Claiming House Republicans ambushed them by bringing two pro-gun bills to the floor without prior notice, Iowa House Democrats stormed out of the Capitol in a mass walkout this past Wednesday.
Several hours later, the Democrats returned to the Statehouse and the bills passed the Republican-controlled House without further theatrics (Republicans have a 60-40 majority).
So, in a sense, the mass exodus of all 40 House Democrats served no purpose other than to delay the inevitable and, perhaps, to cause a scene.
At the Wednesday press conference, House Minority Leader Kevin McCarthy characterized the bills as eliminating “all gun laws, gone, not through legislation, but through altering the Iowa Constitution.”
“We left in protest so that there could be some openness and transparency and some sunlight drawn on what this issue is: very, very extreme,” he said.
To shed some light on what all the fuss was about, the first bill was House Joint Resolution 2009: Iowa Right to Keep and Bear Arms State Constitutional Amendment.
Since Iowa is one of six states without the right to keep and bear arms in its constitution, lawmakers felt it necessary to establish this fundamental right. However, opponents of the proposed amendment took issue with its unequivocal and explicit language:
“The right of individuals to acquire, keep, possess, transport, carry, transfer, and use arms for defense of life and liberty and for all other legitimate purposes is fundamental and shall not be denied or infringed. Mandatory licensing, registration, or special taxation as a condition of the exercise of this right is prohibited, and any other restriction shall be subject to strict scrutiny.”
House Joint Resolution 2009 passed by a vote of 61-37.
“For far too long, we’ve seen judicial abuse of our Second Amendment,” said Rep. Matt Windschitl (R-Missouri River) one of the bill’s sponsors. Rep. Windschitl also rejected notions that this new amendment would pre-empt all of the state’s gun laws as Rep. McCarthy intimated at the press conference.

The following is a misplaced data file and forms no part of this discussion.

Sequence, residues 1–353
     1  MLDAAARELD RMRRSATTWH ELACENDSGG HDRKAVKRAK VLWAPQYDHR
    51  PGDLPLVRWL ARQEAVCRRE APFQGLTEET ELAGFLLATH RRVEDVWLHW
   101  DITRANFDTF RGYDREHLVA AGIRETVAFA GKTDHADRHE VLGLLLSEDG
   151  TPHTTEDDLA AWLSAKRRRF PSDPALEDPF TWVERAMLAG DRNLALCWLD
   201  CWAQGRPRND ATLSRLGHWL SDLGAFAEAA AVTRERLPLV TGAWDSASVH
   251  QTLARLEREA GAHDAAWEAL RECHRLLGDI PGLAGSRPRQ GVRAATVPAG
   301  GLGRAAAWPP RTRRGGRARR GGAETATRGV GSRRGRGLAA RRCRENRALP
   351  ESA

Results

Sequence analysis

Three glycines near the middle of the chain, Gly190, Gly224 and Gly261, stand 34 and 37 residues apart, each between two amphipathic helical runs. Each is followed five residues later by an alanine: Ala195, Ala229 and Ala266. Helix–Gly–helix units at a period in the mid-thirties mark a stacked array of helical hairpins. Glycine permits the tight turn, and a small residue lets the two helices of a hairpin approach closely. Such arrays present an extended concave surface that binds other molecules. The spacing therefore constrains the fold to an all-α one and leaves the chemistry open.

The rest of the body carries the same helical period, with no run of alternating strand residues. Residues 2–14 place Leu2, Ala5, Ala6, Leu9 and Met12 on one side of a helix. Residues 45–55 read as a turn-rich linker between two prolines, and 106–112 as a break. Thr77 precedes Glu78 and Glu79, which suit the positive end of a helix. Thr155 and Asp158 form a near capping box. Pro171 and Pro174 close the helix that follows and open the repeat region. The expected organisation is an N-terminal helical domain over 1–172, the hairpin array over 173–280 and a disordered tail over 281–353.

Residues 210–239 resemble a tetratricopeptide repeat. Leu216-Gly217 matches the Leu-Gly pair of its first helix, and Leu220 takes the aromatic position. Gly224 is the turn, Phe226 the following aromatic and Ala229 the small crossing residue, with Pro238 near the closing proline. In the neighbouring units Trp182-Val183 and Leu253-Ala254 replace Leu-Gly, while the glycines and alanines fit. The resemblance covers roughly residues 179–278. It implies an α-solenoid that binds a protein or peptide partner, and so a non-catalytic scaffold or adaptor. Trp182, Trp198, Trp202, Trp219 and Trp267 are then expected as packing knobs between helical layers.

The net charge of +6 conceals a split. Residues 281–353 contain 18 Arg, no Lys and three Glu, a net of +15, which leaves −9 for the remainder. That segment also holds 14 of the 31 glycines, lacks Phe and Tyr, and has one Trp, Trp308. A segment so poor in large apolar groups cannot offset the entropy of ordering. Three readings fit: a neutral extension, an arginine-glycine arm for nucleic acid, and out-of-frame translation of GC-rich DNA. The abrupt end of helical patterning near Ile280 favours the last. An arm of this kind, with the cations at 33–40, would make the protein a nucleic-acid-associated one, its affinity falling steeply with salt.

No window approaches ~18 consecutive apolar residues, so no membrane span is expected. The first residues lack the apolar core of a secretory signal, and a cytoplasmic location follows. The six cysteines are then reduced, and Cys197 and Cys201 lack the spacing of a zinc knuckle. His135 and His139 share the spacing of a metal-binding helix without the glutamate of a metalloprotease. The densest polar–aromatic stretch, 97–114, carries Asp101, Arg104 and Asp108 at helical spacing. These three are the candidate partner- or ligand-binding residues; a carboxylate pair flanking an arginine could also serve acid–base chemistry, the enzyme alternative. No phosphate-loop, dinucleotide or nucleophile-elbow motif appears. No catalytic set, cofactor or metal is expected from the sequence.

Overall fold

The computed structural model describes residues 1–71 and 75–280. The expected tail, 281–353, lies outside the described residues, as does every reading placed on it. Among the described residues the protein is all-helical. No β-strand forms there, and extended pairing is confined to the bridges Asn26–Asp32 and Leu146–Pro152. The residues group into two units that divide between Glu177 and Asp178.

The second bill, House File 2215, would remove a person’s “duty to retreat” from an attacker, giving citizens the right to stand their ground and protect themselves and their family anywhere they are lawfully present.
Additionally, the bill would modify Iowa self-defense laws to create “a presumption that an individual who unlawfully or forcefully enters your dwelling, place of business or employment, or occupied vehicle is there to cause serious bodily injury or death, so the occupant may use force, including deadly force, against that person” (for a more in-depth explanation of the ‘presumption clause’ and what it means, click here).
Lastly, House File 2215 would enhance legal protection for individuals who use justifiable force against an attacker. It passed the state House by a vote of 60-38.
On Thursday, McCarthy spoke out about the measures once again, describing them as “extreme” – even for a “lifetime NRA member like himself.”
“I think their proposal is wackadoodle, OK? It’s way out, way out far-right,” he told local reporters. “It’s tea-party extreme, and we wanted to bring some sunlight to that.”
Although the bills passed the House, they face a rough road ahead in state Senate where the Democrats hold a narrow majority, 26-24. We’ll keep you posted on the progress of these bills as they make their way through the Senate.
If you live in Iowa, you may want to get on the horn with your state Senator and tell him/her to support these measures.
Picture Courtesy of Rodney White: The Register